Time and Place: 8:00 Sunday morning, at my main computer at home.
Viewing: I gave in to the overwhelming temptation and signed up yesterday for FilmStruck, the new streaming service from Turner Classic Movies and the Criterion Collection. An initial impression of the offerings, which in short look really good, will be following here in a few days. Last night, for my inaugural, I chose relatively at random two films I hadn’t previously seen. Beyond a Reasonable Doubt, the last American film directed by Fritz Lang before he returned to Germany, was not bad but didn’t overwhelm. Madhumati, a 1958 black-and-white Bollywood film directed by Bimal Roy, was fabulous in every way. It is one of nine Bollywood films currently featured at FilmStruck, and I feel a Bollywood binge coming on.
Listening: As I wrote last week, my major project for the next couple of weeks is the writing of program notes for the 2016 Nevada Chamber Music Festival presented by the Reno Chamber Orchestra. My music listening will likely be confined to pieces played at the Festival, which isn’t such a bad thing.
Reading: Having finished Elena Ferrante’s My Brilliant Friend, I have just started a translation-retelling by Linda Egenes and Kumuda Reddy of The Ramayana, in anticipation of the exhibition on the epic at San Francisco’s Asian Art Museum that I will soon be seeing. Thupten Jinpa’s A Fearless Heart and Julia Cameron’s The Right to Write are ongoing.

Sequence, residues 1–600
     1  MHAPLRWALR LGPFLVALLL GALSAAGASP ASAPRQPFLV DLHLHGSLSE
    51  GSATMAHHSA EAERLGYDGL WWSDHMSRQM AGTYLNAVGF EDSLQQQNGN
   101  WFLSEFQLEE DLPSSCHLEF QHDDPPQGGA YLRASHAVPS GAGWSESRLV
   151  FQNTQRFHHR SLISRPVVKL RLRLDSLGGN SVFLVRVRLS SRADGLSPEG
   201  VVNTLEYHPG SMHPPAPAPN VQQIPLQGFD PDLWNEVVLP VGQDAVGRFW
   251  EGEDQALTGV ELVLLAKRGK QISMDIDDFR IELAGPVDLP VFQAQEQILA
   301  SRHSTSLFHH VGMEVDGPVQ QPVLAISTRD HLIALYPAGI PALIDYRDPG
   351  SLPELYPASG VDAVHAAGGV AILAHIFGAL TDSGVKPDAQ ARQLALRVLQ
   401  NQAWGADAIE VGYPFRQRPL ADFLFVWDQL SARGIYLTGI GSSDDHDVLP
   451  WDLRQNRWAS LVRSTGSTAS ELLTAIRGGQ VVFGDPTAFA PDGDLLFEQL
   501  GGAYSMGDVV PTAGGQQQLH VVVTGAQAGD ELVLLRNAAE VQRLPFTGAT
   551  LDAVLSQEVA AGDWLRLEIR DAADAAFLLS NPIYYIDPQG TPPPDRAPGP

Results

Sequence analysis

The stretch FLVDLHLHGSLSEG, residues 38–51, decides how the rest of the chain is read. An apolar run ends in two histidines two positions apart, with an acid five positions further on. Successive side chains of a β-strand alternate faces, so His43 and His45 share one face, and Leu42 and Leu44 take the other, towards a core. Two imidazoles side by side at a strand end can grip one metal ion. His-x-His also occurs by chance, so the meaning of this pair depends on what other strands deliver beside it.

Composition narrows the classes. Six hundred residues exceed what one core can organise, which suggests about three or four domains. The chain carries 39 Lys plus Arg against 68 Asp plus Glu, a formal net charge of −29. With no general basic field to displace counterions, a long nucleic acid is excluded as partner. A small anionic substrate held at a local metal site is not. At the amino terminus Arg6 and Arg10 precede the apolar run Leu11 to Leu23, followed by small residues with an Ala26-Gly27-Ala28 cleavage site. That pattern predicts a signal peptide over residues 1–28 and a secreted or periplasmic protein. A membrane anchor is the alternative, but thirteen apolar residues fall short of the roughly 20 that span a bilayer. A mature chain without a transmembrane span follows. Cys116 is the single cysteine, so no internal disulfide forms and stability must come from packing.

Blogging: It was, sadly, another slow week on the blogging front…
* My review of My Brilliant Friend by Elena Ferrante
* A couple of election-related cartoons from The New Yorker
* A quote on “permanent childhood” from Constantin Brancusi
Pondering: (1) When I left home this morning at 6:15 to go to the gym, the clouds were such that a golden glow suffused everything as the sun was rising, even setting the distant mountains off in relief in a vivid, uncharacteristic way. The quality of light was remarkable. By the time I left the gym at 8:00, a dull gray had set in – attractive in its own gloomy way, I suppose, but I think it was worth getting up early on a Sunday for the golden glow. (2) The life I lead now is such that if I chose to disappear tomorrow, no one would know that I was gone, at least not for several weeks. The freedom that comes with that has some appeal, I have to admit. But it would still be nice if someone noticed my absence. (3) If I never again see a political commercial, I could live with the loss.
Anticipating: In a few hours I will be heading to the Nevada Museum of Art to check out the latest exhibitions. Two weeks or so away is a trip to San Francisco to check out the museum offerings there. Some marvelous visual art is in store for me.
Gratuitous Bollywood Songs: Someone was kind enough to put some of the songs from Madhumati, the Bollywood film I watched last night, on YouTube. So I thought I would share two of them, highly enjoyable even without translations of the lyrics. The first, “Zulmi Sang Aankh Ladi,” comes early in the film, just before our hero and heroine speak to one another for the first time. The subject of the second, “Chadh Gayo Papi Bichua,” is a scorpion bite. The lead singer and dancer in both songs, Vyjayanthimala, was one of the biggest Bollywood stars in the 1950s and 1960s (and later served in India’s Parliament). She is among the highlights of Madhumati, for reasons that become clear below.